Why Intel should be scared of the iPad Pro’s A9X chip


The iPad Pro isn't ready to compete with Intel Macs... yet.
The iPad Pro isn't ready to compete with Intel Macs... yet.
Photo: Leander Kahney/Cult of Mac

Although we’ve been skeptical of the idea of ARM-based Macs in the past, rumors have been heating up that Apple will switch to ARM processors for all Macs this year due to massive performance gains. But as great as Apple’s A-series chips are, are they really ready to power Macs?

The answer isn’t entirely clear-cut, but a new series of benchmarks suggest that Apple’s ARM chips are starting to compete with Intel’s Core M chips, which power the 12-inch Retina MacBook. If this pace keeps up, iPads might be faster than Macs in just a few generations.

AnandTech’s in-depth review of the iPad Pro puts the A9X SoC that powers Apple’s 12-inch tablet through its paces with a series of benchmarks. The testing compares the iPad Pro to CoreM devices like the Retina MacBook, ASUS Transformer Book T300 Chi and ASUS ZenBook UX305CA.

The results? The A9X is competitive in many benchmarks with the MacBook and ZenBook — it won half the benchmarks, but lags in overall performance — but not the Transformer Book, which beat the iPad Pro in every category.

Even so, AnandTech’s conclusion is that Apple’s ARM chips could go head-to-head with Intel in just a few generations.

A9X can compete with both Broadwell and Skylake Core M processors, and that’s something Apple couldn’t claim even a generation ago. That it’s only against the likes of Core m3 means that Apple still has a way to go, particularly as A9X still loses by more than it wins, but it’s significant progress in a short period of time and I’ll wager that it’s closer than Intel would like to be, especially if Apple puts A9X into a cheaper iPad Air in the future.

So it doesn’t look like we can expect ARM-based Macs in 2016, despite what ex-Apple execs may predict.

But by 2018? That’s another story. Intel should be very scared of that, given the fact that Macs are the only class of desktop or laptop computers still gaining market share.

Source: AnandTech

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  • TJ

    What people seem to overlook is that Apple could and might develop a separate range of A-series chips for its Mac lineup. I can see the MacBook maybe running on the same A chip that the iPad runs on, but when you come to the MacBook Pro you need something more powerful. Probably something with more cores, higher clock speeds, etc. especially when it comes to the higher spec models. And with the Mac mini and iMac you don’t need to worry about battery life so you can run a more powerful chip aimed at desktop processing.

    I think it’s only a matter of time before Apple does make the transition to the A-series chip in Macs. But I find it unlikely that they’d use the exact same mobile processor from something like the iPhone in all of their Macs due to the different demands of each machine.

    • CaedenV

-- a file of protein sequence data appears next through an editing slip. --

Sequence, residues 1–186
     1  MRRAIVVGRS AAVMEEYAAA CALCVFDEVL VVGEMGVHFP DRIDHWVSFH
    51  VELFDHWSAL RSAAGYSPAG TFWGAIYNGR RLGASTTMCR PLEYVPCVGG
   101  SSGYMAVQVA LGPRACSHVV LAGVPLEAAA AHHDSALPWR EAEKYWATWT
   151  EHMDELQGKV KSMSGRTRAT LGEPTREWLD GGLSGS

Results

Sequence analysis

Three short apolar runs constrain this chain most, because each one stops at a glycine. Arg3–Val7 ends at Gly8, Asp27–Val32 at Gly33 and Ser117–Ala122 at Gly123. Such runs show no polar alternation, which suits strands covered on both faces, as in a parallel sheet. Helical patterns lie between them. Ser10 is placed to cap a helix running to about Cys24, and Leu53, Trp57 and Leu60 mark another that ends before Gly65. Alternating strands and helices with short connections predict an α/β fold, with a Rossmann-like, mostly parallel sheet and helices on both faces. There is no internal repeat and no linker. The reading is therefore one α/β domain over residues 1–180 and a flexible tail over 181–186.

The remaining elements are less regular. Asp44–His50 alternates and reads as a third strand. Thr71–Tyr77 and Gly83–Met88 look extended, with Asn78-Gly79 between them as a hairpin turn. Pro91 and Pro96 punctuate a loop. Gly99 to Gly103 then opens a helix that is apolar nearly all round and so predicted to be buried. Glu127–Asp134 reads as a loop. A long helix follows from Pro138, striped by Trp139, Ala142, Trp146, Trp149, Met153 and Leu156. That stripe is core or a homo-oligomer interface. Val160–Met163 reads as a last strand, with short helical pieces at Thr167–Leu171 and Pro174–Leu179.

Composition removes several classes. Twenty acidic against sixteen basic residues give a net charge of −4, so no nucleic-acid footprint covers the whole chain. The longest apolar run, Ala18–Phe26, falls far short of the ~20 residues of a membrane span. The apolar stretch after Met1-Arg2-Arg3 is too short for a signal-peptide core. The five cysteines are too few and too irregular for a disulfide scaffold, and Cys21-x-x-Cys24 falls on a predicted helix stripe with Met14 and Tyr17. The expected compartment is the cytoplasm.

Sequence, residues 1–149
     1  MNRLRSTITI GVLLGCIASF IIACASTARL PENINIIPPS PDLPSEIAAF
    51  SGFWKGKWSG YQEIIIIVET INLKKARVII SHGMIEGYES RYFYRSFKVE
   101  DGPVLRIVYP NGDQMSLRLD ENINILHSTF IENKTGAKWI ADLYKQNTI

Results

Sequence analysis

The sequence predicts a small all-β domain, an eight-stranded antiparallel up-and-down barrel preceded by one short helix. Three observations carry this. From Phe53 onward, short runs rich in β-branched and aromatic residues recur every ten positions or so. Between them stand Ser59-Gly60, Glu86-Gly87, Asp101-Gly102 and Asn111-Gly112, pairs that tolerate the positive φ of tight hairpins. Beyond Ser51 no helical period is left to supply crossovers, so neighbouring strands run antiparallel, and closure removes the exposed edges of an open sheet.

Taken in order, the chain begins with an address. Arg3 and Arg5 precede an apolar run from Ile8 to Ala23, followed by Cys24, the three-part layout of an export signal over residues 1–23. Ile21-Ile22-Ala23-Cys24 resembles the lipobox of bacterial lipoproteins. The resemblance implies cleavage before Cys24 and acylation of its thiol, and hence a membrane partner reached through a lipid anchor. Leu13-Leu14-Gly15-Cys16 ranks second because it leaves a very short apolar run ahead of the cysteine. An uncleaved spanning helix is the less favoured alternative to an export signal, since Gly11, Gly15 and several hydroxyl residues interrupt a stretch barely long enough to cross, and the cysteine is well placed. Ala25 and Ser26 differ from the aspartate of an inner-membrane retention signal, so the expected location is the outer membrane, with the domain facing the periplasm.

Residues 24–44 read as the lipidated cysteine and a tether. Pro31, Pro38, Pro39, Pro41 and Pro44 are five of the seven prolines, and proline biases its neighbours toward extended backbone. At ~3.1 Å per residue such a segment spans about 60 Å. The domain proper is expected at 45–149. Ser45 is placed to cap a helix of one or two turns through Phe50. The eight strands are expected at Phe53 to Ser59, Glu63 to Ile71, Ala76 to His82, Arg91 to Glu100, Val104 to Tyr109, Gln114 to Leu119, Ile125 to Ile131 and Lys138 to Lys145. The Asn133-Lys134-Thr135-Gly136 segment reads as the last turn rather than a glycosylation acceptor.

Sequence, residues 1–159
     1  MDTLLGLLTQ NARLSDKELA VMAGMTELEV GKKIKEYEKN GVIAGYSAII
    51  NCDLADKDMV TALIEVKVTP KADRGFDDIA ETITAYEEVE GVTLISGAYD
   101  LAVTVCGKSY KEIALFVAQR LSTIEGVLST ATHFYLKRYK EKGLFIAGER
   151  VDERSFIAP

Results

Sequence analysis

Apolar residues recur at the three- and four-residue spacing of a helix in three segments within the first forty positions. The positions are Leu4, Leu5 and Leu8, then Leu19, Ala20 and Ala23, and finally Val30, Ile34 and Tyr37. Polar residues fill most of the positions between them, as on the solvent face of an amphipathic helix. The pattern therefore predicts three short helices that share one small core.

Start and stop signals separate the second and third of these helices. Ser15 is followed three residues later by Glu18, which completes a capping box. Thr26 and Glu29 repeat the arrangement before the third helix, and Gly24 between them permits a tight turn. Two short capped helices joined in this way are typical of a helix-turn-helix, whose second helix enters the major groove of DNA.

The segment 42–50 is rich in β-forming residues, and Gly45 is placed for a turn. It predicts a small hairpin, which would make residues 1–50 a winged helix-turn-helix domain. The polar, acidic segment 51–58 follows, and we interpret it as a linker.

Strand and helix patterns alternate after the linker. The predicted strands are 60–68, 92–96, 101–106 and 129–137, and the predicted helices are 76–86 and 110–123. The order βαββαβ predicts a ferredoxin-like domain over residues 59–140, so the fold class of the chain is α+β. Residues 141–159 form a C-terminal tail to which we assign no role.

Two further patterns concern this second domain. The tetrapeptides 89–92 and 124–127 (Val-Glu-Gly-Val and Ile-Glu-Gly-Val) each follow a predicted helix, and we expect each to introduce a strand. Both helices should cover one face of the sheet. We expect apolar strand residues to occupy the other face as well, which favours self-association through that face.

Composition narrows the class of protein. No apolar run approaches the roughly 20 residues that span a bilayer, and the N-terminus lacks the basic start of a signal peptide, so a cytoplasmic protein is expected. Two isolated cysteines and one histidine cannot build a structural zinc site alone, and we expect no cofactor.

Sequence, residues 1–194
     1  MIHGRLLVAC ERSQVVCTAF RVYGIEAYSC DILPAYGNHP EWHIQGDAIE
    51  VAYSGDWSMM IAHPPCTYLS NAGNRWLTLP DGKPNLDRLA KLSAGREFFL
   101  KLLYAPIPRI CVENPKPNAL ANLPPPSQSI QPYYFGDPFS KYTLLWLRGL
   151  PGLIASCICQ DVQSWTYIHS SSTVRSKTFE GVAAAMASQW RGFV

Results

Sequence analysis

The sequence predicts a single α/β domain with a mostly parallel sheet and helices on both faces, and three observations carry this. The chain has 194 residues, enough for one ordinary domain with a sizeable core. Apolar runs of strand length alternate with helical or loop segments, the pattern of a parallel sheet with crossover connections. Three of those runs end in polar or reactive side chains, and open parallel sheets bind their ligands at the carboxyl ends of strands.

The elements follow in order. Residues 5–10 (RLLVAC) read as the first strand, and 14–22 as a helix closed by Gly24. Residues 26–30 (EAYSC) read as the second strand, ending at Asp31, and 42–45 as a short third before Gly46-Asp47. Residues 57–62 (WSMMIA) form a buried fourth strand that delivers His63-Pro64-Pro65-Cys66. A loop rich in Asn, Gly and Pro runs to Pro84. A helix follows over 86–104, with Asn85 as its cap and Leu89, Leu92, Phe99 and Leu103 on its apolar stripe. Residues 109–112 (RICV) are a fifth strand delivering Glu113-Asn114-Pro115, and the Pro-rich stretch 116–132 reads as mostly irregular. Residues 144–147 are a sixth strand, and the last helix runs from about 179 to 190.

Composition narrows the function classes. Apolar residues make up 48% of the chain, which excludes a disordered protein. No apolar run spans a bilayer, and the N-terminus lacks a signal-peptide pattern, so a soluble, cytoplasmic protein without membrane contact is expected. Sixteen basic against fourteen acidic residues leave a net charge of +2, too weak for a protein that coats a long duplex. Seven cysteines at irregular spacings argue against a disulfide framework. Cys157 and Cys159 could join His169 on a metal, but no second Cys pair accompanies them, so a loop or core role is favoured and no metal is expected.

Nobody is saying that this exact same mobile chip is going to find it’s way into the MBP line, or the desktop line… but the tech behind it could potentially be scaled up to compete with Intel; First in smaller devices, and slowly but surely up the food chain.
      Keeping in mind that the largest issue with ARM is that it is horribly inefficient, especially for higher performance devices. But as tech keeps progressing those efficiency differences are slowly shrinking, and it may well be a matter of time.

      Still, I work with a ton of Mac Books (I run tech for a school district, and some non-profits), and every one of them needs to run Windows at one point or another. The idea of moving away form x86 and loosing Windows on Mac would be a pretty big blow to laptop sales. But then again ‘Windows’ is also gaining more and more compatibility with ARM… so maybe in a few years you will be able to get an ARM MBP and still run full Windows on it… or maybe just Windows Mobile with Continuum… but that might just be enough.

      • HowmaNoid

        That’d have to have some kind of Rosetta-like emulation layer again. Transitioning the app base to ARM would take years.

      • CaedenV

        would it? Remember that Apple is the great follower. They have a HUGE arm based app platform that could very easily transition to windowed desktop apps, and when they do it the whole process would be ‘innovative’ and ‘new’ (never mind that this is what MS has been trying to do for the last few years).
        You and I may not be satisfied with it, but I know a whole lot of iPhone and iPad users who are constantly annoyed when they get their first Apple PC and it is nothing like the mobile offerings. They would be very happy to see a large glorified iDevice running mobile apps. And they would already have most of the porductivity tools they would need (office, rdp, etc.)… again, you and I would not easily stand for it, but a lot of people would welcome the change.

      • 5723alex .

        The next SurfacePhone (Lumia is dead) will run Windows 10 on ARM.

  • Geoffrey Spencer

    As long as VMWare and Parallel continue to work with these “Mac” chips and definitely not as emulators, I am fine with it but again it must match the power of the MacBook Pro level. FYI, I work in software for a consulting firm.

  • David Malcolm Puranen

    I think it’s important to remember that Apple doesn’t even use the same processor in the 6S as it does in the iPad Pro. So you won’t see an A9X in a MacBook, you’ll probably see something beefed up. Also they’ll probably handle it similar to how they did the PPC to Intel transition. Move the low end over, and then keep the high end available for those who need legacy support.